Do not hesitate to bring a stick-clip down into the park with you, and prepare to be somewhat humble about the climbing. People do occasionally take some ugly falls before the first bolt has been clipped on popular routes, which can easily be avoided by pre-clipping the 'draw.
You don't often see routes here with bolts every 5 ft. as you might at other areas, and while it may be intimidating at first you'll learn to love it as you spend more time here. If it's your first time at Smith it wouldn't be a bad idea to start off slowly and try a handful of routes a grade or 3 below what you're used to climbing, just to make sure you're comfortable.
The Smith Bible (aka Rock Climbing Smith Rock State Park) by Allan Watts is the best book out for Smith and one of the finest guidebooks anywhere. It is the second edition of Watts' Smith guide, and it contains an incredible amount of history, photos, topos, and beta.
The more compact Smith Rock Select is a great short list of the mega-classics here. Great pictures, clear topos, and good descriptions make for easy routefinding, but it's pretty brief in scope and is by no means comprehensive. If you're just passing through Smith for a weekend you could easily get by on this book alone.
The town of Terrebonne has a decent gocery store, gas stations, and even a decent espresso stand (around the back of Thriftway). Not to be missed is the climber-owned Terrebonne Depot for food, wine, beer, and cocktails; it's hard to beat a buffalo cheeseburger and a beer here after a day in the park.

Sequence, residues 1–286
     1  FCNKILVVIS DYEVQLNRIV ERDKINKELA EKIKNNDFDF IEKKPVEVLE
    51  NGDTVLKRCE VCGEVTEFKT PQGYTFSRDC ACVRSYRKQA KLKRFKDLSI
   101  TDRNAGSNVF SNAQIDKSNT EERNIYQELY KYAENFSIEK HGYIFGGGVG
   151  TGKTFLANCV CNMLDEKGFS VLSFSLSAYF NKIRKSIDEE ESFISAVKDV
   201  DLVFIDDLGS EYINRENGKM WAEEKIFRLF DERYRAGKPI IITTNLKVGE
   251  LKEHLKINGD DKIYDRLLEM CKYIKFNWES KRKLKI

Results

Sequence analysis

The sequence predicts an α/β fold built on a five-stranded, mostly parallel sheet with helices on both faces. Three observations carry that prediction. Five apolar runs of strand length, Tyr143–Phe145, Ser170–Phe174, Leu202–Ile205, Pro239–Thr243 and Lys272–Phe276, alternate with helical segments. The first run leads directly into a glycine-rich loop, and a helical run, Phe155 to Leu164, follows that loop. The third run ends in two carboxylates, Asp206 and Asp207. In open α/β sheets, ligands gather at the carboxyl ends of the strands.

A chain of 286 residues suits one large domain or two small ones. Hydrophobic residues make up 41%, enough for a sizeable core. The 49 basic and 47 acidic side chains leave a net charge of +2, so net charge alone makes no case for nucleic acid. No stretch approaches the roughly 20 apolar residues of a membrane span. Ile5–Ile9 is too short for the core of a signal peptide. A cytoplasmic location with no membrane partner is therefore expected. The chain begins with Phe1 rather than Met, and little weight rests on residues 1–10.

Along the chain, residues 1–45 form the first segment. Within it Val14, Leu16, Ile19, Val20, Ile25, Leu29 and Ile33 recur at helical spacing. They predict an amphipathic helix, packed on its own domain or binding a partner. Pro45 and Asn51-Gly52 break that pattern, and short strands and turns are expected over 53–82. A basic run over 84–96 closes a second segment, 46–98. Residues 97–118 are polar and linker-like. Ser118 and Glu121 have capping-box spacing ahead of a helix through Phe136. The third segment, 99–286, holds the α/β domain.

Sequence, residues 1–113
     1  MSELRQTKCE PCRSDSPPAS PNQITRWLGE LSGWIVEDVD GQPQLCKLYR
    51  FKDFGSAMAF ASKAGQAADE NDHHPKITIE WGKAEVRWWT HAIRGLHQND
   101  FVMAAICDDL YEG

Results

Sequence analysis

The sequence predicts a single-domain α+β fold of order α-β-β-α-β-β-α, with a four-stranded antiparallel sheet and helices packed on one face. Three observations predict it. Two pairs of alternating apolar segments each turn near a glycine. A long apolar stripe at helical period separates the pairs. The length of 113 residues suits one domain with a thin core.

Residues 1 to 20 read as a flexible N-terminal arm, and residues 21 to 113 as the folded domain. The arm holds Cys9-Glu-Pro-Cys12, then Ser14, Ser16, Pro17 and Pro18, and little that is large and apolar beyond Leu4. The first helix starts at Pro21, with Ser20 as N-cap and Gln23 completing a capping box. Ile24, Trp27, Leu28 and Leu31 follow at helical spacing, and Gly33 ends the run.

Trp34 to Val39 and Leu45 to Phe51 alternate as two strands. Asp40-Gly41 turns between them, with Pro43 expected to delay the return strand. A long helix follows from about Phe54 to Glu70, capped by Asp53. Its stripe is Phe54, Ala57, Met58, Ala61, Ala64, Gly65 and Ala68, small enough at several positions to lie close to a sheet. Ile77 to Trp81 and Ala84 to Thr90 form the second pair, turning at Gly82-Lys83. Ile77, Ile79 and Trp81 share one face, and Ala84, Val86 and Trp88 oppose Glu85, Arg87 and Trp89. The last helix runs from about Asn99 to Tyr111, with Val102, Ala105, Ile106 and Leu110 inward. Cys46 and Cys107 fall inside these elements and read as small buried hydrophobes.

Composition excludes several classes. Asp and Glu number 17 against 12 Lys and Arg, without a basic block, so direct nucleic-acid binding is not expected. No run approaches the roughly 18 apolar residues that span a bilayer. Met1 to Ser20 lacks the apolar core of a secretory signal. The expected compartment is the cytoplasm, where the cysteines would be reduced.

Redmond is a 10 minute drive away and has a few decent breakfast places as well as some other hotels, fast food, grocery stores, and dinner options. The increasingly cosmopolitan city of Bend has a wide variety of restaurants, bars, and brewpubs that cater to everyone from the country club crowd to the local hippies.
Redpoint Climber's Supply is a great shop to pick up all your climbing and camping needs in Terrebonne. In addition to climbing gear they now offer coffee and espresso drinks, along with beer, cider, mead and kombucha, by the glass, or filling growlers. They have a small sitting area so people who are traveling can sit on a couch, or at a table, use the free WiFi, and grab a drink.
A proud line up the impressive NE Ridge of the Smith Rock Group, Skyridge takes a bold line on nubbins for almost 1/2 a pitch before the first bolt. Confidence and commitment is needed to get onto this climb, but the rest of the bolted first and second pitches are beautiful climbing, with a final pitch of hand traversing (gear to about 2") to finish near the top of the Smith Rock group....[more]Browse More Classics in OR
By Monomaniac Administrator From: Morrison, CO Nov 29, 2006
It seems to me like a lot of folks are posting routes that they haven't acutally done (or maybe a few folks are doing it a lot). Perhaps that is standard practice, but it seems a bit dubious to me. If all users are interested in is a regurgitation of the guidebook, why not just get the guidebook? It seems like the real value in a site like this is that you can get first-hand beta from someone who has actually done the route. Even though the distinguished Mr. Watts has done almost all of the routes he described, his descriptions are at least 14 years old, so again, this site can provide the benifit of up-to-date beta.